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Everyone is baffled by Trump’s rambling rant about flushing toilets ’10 times, 15 times’

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Donald Trump eating McDonald's fast food aboard his private jet (screengrab from the president's Instagram account)

Another day, another truly baffling series of words coming from President Donald Trump’s mouth.

Speaking at a White House meeting on Friday about small business and regulation, Trump went on one of his trademark riffs, touching on a number of subjects with the clarity of a muddy puddle. He seemed to be referring to a series of complaints that have been raised over the years about various consumer product regulations (a favorite topic of Republican Sen. Rand Paul of Kentucky) but without making a coherent point about any of them.

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Read the whole stream of consciousness rant to get a sense of what it was like:

The light bulb — they got rid of the light bulb that people got used to. The new bulb is many times more expensive and — I hate to say it — it doesn’t make you look as good. Of course, being a vain person, that’s very important to me. It’s like — it gives you an orange look. I don’t want an orange look. Has anyone noticed that? So we’ll have to change those bulbs in at least a couple rooms where I am in the White House. … We have a situation where we’re looking very strongly at sinks and showers. And other elements of bathrooms — where you turn the faucet on, in areas where there’s tremendous amounts of water, where the water rushes out to sea because you could never handle it — and you don’t get any water. You turn on the faucet and you don’t get any water. They take a shower and water comes dripping out, just dripping out, very quietly, dripping out. People are flushing toilets 10 times, 15 times, as opposed to once. They end up using more water. So EPA is looking at that very strongly, at my suggestion. You go into a new building, or a new house or a new home, and they have standards where you don’t get water. You can’t wash your hands practically, so little water comes out of the faucet. And the end result is you leave the faucet on and it takes you much longer to wash your hands. .. For the most part. you have many states where they have so much water, it comes down — it’s called rain. They don’t know what to do with it. … A lot of things we do are based on common sense. If I didn’t get elected you wouldn’t have a steel industry. … We weren’t going to have a steel industry.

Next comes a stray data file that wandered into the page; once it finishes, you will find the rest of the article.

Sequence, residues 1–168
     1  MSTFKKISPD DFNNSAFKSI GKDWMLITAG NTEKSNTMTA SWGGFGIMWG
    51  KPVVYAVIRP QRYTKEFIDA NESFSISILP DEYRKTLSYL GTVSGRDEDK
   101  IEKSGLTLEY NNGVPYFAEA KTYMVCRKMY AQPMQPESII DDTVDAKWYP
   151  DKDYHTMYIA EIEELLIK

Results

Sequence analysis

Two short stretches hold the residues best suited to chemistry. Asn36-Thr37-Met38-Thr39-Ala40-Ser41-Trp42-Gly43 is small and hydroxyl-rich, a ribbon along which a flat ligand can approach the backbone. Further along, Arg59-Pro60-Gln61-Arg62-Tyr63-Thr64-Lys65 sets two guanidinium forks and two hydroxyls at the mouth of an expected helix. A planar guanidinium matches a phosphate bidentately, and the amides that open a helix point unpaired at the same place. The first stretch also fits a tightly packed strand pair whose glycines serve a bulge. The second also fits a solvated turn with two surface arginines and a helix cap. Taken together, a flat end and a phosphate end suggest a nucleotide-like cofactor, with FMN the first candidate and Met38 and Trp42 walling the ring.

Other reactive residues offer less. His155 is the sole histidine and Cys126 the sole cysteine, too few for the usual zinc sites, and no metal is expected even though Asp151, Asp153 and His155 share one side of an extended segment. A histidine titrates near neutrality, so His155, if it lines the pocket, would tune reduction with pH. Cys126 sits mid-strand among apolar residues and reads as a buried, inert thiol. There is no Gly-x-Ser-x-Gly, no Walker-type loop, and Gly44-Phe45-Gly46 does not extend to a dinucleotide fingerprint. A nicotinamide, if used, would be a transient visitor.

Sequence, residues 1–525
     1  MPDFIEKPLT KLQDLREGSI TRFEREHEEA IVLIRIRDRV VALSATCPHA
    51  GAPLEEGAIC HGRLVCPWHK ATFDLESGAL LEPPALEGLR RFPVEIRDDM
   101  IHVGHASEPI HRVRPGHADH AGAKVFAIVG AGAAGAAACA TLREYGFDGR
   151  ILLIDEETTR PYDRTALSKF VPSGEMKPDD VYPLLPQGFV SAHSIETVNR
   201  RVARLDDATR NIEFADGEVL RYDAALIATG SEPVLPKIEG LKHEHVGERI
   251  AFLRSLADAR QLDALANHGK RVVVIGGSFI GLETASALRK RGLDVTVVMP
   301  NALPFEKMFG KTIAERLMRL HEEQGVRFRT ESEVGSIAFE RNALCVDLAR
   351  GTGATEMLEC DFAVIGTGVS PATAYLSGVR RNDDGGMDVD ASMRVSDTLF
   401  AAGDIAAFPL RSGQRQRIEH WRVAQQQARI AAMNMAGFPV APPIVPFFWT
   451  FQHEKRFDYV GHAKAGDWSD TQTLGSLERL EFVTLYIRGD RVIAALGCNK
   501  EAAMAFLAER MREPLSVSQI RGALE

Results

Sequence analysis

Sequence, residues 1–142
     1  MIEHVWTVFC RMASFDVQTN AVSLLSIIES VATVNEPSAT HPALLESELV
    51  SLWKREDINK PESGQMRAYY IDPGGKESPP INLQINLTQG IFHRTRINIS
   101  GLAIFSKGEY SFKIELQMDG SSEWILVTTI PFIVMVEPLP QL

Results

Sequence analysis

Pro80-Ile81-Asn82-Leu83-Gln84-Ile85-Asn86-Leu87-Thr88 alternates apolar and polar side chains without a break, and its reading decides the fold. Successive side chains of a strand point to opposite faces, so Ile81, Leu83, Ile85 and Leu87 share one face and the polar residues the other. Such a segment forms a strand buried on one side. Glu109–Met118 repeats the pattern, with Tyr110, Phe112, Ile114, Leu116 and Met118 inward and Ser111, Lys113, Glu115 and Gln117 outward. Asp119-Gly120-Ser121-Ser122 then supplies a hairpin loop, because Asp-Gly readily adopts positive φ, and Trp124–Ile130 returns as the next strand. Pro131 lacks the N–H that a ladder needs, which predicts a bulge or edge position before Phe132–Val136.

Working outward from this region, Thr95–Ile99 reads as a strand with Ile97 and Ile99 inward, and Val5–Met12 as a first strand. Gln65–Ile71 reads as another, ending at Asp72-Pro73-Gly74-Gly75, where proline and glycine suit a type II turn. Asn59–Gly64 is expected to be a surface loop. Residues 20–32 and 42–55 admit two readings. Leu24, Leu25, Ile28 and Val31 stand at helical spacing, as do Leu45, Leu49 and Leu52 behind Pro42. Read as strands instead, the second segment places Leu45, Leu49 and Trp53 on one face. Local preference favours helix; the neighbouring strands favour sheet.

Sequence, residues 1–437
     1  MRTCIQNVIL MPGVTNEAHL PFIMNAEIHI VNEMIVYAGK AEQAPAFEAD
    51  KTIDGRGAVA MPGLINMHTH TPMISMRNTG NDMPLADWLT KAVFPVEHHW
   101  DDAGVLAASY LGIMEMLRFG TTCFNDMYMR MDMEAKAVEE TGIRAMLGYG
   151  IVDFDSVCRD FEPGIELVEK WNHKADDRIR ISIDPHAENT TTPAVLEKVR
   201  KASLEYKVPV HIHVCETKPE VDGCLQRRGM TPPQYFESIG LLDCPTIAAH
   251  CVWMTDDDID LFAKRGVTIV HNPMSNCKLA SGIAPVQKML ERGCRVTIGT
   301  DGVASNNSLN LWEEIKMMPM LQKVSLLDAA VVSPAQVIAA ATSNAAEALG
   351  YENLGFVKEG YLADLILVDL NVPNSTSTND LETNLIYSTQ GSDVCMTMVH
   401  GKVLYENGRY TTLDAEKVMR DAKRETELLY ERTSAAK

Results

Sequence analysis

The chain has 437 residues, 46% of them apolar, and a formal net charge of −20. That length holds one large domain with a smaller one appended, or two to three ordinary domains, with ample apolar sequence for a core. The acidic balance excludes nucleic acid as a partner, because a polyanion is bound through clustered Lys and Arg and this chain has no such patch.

So there’s a lot going on here, so much so that we might have to leave it to the historians to unravel what he’s on about. Clearly, Trump seems to be referring to things he’s heard about or discussed over the years or in meetings but with little comprehension. While he lists a series of consumer complaints, he isn’t able to actually point to any specific regulations that they are the result of, or how those regulations were developed or could be improved.

Many observers zeroed in on Trump’s claim about flushing toilets “10 times, 15 times,” a particularly absurd and comical remark:

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Writing for New York Magazine, Josh Barro did the world the favor of explaining what Trump seemed to be talking about, and why he is, in fact, wrong regardless:

President Trump’s attitudes and fixations often seem stuck in the 1980s, so perhaps it’s a step forward that he issued this very 1990s gripe. What the president said is not true anymore. But ‘90s kids know it used to be true — okay, not literally true that you had to flush ten times, but true enough in the sense that the first generation of low-flush toilets, introduced when the regulation capping toilet flushes at 1.6 gallons per flush came into effect in 1994, worked poorly and often required multiple flushes.

Barro continued: “But that was then, and in the intervening two decades, there have been major advances in toilet technology. Now, as far as I can tell, toilets are just as good at clearing the bowl with 1.6 gallons of water as they used to be with 3.5 gallons of water. Modern toilets address the problem that less water means less power by finding ways other than volume to increase flush power, or by reducing the amount of force needed to clear the bowl.”

He added: “Far from being an example of regulation run amok, the history of low-flush toilets is a demonstration of how private enterprises successfully innovate to follow new rules while preserving the customer experience.”

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